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Joe Bradbury discusses the importance of improving energy performance in Britain’s flats and apartment blocks.

On the 18th November 2020, Prime Minister Boris Johnson presented a broad ten-point strategy to help the UK become carbon NetZero by 2050.

In a bid to make our homes, schools and hospitals greener, warmer, and more energy efficient, he set a goal of installing 600,000 heat pumps annually by 2028. This, he said, would create 50,000 jobs by 2030.

When the industry first heard this, we had all assumed that getting to 600k annually would entail the installation of individual air source heat pumps on individual properties.

However, a recent innovation challenges this assumption completely, offering multiple ways of delivering sorely needed heat pumps to the Nation.

The alternative is daunting and far less environmentally friendly; demolishing and starting again.

Joe Bradbury Joe Bradbury Digital editor of Housing Association

Another answer emerges

Ecodan Hydrodan is a new, highly efficient water-to-water heat pump for the multi-residential market from Mitsubishi Electric.

The packaged 'plug and play' solution is specifically designed to deliver heating and hot water in residential units such as tower blocks, flats and apartments.

“There are already renewable heating solutions for single homes, but this is one of the first truly low-carbon options available for multi-residential apartments”, said Alex Bagnell, Product Manager for Hydronics at Mitsubishi Electric.

“The next decade will see us continue to decarbonise home heating, in order to reach the net-zero target and low-carbon technology will play a pivotal role here. Ecodan Hydrodan, and particularly the use of water-to-water heating, is well placed to support this”.

It’s a matter of environmental urgency

Did you know that Britain's leaky houses pose a greater hazard to the environment than all of the country's cars combined? This is according to new research from the National Housing Federation (NHF), which represents housing associations in England.

The recent study predicted that England's 25 million houses, which release 58.5 million tonnes of CO2 each year, are equivalent to the annual use of 28 million cars. However, In England at present, there are only 27 million cars are in use, emitting 56 million tonnes of CO2 each year.

This is largely due to the unhealthy mixture of gas central heating and poor insulation. Heat quickly escapes out of homes, requiring even more gas to keep them warm.

In spite of this, over the last decade, the energy efficiency of English homes has actually improved – meaning we’re moving in the right direction.

This is largely down to the efforts of the social and affordable housing sectors. Thanks to due diligence, social rented homes remain the most energy efficient in Britain today.

Owner occupiers are more likely than renters to have a boiler system with radiators and gas central heating. Last year’s Energy Report from the government highlighted that 90% of English homes have a boiler system with radiators as their main heating system.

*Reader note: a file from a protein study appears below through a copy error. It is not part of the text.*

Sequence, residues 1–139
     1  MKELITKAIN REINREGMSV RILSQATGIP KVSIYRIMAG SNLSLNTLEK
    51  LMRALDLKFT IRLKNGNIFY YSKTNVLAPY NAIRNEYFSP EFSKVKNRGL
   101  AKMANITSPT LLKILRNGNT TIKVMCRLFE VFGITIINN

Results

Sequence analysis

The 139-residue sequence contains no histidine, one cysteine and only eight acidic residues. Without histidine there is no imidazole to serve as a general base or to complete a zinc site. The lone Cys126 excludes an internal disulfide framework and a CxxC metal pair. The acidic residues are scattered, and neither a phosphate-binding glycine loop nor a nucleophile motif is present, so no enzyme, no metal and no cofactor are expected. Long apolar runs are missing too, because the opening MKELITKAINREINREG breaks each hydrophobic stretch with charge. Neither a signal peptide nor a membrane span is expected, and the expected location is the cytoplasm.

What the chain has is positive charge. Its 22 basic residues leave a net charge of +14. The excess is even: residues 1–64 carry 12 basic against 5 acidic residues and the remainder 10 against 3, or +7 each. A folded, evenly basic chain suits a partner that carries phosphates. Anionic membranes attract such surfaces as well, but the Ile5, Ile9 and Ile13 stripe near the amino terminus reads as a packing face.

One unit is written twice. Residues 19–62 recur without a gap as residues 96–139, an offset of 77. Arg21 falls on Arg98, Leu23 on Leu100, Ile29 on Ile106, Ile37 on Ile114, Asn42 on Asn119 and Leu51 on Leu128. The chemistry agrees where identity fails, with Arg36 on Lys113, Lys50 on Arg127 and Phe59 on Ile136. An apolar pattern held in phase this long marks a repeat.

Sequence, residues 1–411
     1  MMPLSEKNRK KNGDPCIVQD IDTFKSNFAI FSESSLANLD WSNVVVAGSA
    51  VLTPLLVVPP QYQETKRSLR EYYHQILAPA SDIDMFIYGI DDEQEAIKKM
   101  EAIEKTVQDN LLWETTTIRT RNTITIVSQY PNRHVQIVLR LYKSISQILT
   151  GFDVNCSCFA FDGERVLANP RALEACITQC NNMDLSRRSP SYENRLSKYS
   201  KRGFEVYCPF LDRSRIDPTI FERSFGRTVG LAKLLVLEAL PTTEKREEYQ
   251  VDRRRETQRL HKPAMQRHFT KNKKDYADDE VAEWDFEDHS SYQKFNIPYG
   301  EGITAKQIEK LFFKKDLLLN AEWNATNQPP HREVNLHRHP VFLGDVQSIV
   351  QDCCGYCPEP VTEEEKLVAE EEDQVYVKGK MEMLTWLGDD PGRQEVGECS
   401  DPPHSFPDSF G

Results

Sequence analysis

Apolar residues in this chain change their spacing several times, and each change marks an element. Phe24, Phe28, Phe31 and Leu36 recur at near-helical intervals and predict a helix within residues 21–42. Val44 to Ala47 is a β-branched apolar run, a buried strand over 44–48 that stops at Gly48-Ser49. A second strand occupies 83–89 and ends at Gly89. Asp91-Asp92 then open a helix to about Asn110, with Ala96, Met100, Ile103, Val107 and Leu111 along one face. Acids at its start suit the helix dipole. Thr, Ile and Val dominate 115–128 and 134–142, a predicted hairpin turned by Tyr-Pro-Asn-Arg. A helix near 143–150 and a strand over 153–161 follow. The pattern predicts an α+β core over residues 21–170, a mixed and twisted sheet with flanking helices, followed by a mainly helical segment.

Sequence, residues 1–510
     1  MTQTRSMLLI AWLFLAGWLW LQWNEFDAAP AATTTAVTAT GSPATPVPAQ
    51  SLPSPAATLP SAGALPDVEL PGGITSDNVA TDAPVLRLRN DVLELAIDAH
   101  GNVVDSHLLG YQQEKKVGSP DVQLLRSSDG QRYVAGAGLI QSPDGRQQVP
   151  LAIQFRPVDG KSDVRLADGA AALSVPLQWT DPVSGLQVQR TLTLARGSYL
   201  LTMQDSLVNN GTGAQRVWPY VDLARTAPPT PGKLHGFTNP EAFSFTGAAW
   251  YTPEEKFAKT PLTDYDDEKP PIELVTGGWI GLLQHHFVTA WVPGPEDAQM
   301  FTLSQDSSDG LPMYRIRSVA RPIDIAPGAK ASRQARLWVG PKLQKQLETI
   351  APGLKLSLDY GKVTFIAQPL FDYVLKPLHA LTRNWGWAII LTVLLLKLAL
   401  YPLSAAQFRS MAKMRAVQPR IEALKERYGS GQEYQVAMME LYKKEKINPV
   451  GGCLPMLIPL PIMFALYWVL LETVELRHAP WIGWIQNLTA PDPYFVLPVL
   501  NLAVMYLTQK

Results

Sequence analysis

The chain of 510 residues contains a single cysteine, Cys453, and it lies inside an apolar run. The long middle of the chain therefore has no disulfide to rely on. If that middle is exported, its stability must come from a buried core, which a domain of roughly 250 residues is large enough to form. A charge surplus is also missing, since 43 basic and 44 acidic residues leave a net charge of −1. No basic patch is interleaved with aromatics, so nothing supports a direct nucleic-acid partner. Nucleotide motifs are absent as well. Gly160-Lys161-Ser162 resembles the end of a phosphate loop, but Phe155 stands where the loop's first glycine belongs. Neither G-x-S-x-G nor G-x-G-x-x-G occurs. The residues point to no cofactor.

Such systems are more prevalent in owner occupied dwellings (94%) than local authority (89%), private rented (83%) and housing association (83%) dwellings.

The role of social housing providers

Housing associations are in a unique position to innovate and deliver new, energy-efficient homes because of their financial position and charitable nature.

This not only helps the government meet its net-zero carbon targets and has broader societal advantages, but it also directly benefits tenants by making their houses warmer and lowering their energy expenditures.

However, as a large number of the homes that will exist in 2050 have actually already been built, a significant financial investment will be required to either retrofit existing social housing.

The alternative is daunting and far less environmentally friendly; demolishing and starting again.

It’s therefore clear that environmental sustainability is not just a key strategic objective because of the societal benefits, but also because it is a costly financial liability that will only increase year-on-year if ignored.

Is retrofitting the answer?

Given the fact that one in five households live in flats (most commonly in blocks of three storeys or less), there are almost 5 million UK residents who could stand to benefit from the latest innovation in heat pump technology.

Improving the energy efficiency of these multi-residence properties is critical if we are to lower our energy use, tackle fuel poverty, and reduce CO2 emissions.

However, due to the limitations of EPCs, technical issues, and the large number of stakeholders involved, retrofitting these buildings can sometimes prove to be extremely complex.

Ecodan Hydrodan now provides a viable answer.

The units can be put in individual apartments to provide domestic hot water and low-temperature hot water for heating, with an integrated storage tank.

To provide renewable heating and hot water, the units connect to a 5th generation ambient temperature heat network installed throughout the building.

Joe Bradbury is digital editor of Housing Association magazine